Fairy Tale of Hollywood

My expectation and excitement for “Once Upon A Time…in Hollywood” was off the charts! The trailer! The cast! The iconic filming locations! And Quentin!

A facebook friend, (I have met in person more than a few times) a curmudgeon journalist (CJ), was RAVING about the film. And he rarely raves about anything unless it’s about obscure musicians.

So Friday night, I bounced my energy into a request to Shaka that we go see the film.

“I don’t know how long it’s been that I have seen a movie on opening night,” he says.

“YES!!!!!”

But CJ had mentioned seeing the film in 35mm. So Shaka, taking CJ’s recommendation seriously says his only request is that we see it in 35 mm.

Well, the Arclight was showing a LOT of screenings but the next 35mm version was at 11pm on Friday. It’s a 2 hour 40 min flick. Um…

So we buy tickets for Saturday, happy with our decision.

Saturday morning, we wake up to find out that Mads and ST8 had gone to the opening night 7pm show in 70mm! Shaka was like, “Aw man! We should have seen it in 70mm!”

I had no retort because I would have seen the film projected on a sheet at this point. Then we see photos of Zappy and Roni who went to the screening AFTER Mads and St8!!!!! We really should have rallied.

But regrets aside, we went to the Saturday matinee to see it in 35mm. And it that kind of timing was fine by me.

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I will not spoil anything, but I will say, my expectations were not exactly met.

BUT BUT BUT I loved it!!!!

AND, it stayed with me for the next week.

A friend of mine’s daughter is in it and is fantastic!

Another friend’s brother is in it! So many cameos.

So many layers.

Mads, Zappy and Jazzy and I are regulars (well not as much lately) at El Coyote. In the film, Sharon Tate and her friends are seen in El Coyote (where Sharon had her last meal). I was under the assumption I knew where the booth they sat was. In the film, Sharon and her friends are ushered to a different table.

With Quentin’s attention to detail, I was wondering if he was wrong…or I was.

I was a little uneasy typing Sharon Tate El Coyote last meal booth

But I did. And every result said that it was the correct booth in the film.

Mads and Zappy and I were texting how much we all loved the film and wanted to meet up to go over our thoughts on it.

Musso and Frank’s or El Coyote. I voted for El Coyote cuz…chips.

So we gathered in a booth and caught up on our weeks. I mentioned something about someone I met being good good looking and Zappy sighed, “Talk about good looking…BRAD PITT!”

And just like that, we were on the topic that brought us together to drink margaritas.

Two of my co-workers did not like the film. Like, at all. When I told Shaka, he thought it was because they are too young to understand the tapestry of the culture at that time. I mean, we are too, but we are still closer to that time than my co-workers. Zappy thought it was because younger people are used to the idea of crazy groups rather than just crazy individuals. And back in 1969, the stakes were pretty high for letting go of your innocence to understand that dark group-think was present. Mads added that it’s quite a polarizing film for these various reasons.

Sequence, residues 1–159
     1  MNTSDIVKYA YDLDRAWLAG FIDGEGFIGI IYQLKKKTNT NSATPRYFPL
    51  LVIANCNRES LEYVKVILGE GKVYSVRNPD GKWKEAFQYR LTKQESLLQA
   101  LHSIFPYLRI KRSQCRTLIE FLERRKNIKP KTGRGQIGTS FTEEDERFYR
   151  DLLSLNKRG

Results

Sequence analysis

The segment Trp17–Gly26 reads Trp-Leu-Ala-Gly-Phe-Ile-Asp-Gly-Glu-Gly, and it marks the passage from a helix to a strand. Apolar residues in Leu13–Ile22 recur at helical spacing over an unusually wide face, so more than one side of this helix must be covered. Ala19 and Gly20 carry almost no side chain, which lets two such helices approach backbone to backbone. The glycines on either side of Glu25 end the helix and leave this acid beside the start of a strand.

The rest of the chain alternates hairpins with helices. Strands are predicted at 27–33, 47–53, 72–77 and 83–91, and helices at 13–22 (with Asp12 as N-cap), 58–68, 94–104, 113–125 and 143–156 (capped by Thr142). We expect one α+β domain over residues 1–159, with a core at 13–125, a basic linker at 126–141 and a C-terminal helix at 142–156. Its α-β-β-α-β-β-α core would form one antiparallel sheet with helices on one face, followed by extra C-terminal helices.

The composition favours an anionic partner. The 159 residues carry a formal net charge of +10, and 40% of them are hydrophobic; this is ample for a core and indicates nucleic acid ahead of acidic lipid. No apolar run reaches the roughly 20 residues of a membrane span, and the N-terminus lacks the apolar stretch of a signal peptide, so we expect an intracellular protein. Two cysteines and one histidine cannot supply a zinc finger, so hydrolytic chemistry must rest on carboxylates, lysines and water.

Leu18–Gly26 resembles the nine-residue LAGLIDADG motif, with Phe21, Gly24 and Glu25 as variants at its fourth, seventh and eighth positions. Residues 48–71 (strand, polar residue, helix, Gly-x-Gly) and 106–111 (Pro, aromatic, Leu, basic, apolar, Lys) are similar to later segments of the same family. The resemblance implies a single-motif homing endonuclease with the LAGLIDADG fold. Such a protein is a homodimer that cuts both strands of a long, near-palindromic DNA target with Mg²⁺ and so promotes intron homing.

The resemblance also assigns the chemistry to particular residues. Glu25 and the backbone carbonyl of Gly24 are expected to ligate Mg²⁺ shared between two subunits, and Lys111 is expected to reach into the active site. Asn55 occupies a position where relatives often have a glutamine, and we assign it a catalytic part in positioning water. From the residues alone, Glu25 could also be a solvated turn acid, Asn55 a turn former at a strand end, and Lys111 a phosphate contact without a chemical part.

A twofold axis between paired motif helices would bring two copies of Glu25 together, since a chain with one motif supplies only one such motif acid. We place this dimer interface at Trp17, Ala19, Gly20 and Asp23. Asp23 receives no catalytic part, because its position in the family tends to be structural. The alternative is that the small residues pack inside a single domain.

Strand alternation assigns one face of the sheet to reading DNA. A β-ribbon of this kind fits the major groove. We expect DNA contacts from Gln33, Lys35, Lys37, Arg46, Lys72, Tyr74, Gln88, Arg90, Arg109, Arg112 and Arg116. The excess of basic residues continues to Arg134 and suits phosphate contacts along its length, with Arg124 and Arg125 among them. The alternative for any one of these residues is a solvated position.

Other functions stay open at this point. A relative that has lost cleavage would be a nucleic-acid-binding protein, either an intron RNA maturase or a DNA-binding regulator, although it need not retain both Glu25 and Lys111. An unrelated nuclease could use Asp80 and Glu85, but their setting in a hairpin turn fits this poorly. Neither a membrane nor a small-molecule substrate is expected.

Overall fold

I asked Mads if she knew where the actual booth was. She thought it was where I had thought it was. She tried to nudge me into asking the waiter. If I felt weird typing that shit, I sure as bubs wasn’t going to say it out loud to someone. Plus, I kind of liked knowing I may be wrong. I never wanted to sit in the booth I thought it was. I don’t need any ghost encounters or weird vibes with my guacamole. But if I didn’t know, then all booths were safe. A sort of bastardized Schrödinger’s cat experiment.

The CJ was deleting people on social media who were trashing the film before they had seen it. Shaka supported that. I get that it’s not just a movie for some. It’s more about what the movie represents.

I found it intriguing how the Manson story was always in the background, weaving its way through the film, building tension when you see the world of the past, intersecting with the world of the future.

Mads, Zappy and I decided we definitely wanted to see it again.

One of my favorite visuals in the film was watching a dusk shot of neon signs all over LA turning on to welcome evening. Its significance felt like the end of the line for some of the characters, the end of the literal day, the end of a summer of innocence and the end of an era. Also it felt like it was signalling the end of the film (which was fine since I needed to pee).

As we left El Coyote and headed to the parking lot to get our cars (under one of those flickering neon signs), we waited in a longer line than I had EVER seen. We surmised it was due to the film’s release.

How meta.

I drove back home with warm summer evening air, barely breezing my skin as I drove past the Hollywood Blvd, and then passing the crowds at the Hollywood Bowl.

I love this town.

I love its history – both the roses and thorns.

I love the industry.

I love films ABOUT this town.

I love good storytelling.

I love fairy tales, even this  Tarantino-esque form of one.

And although my expectations were not met in some ways, I loved this film for things I never expected! That a movie like this can spur on conversations that lead me to a night like this.

A weird happily ever after.

 

 

 

 

 

 

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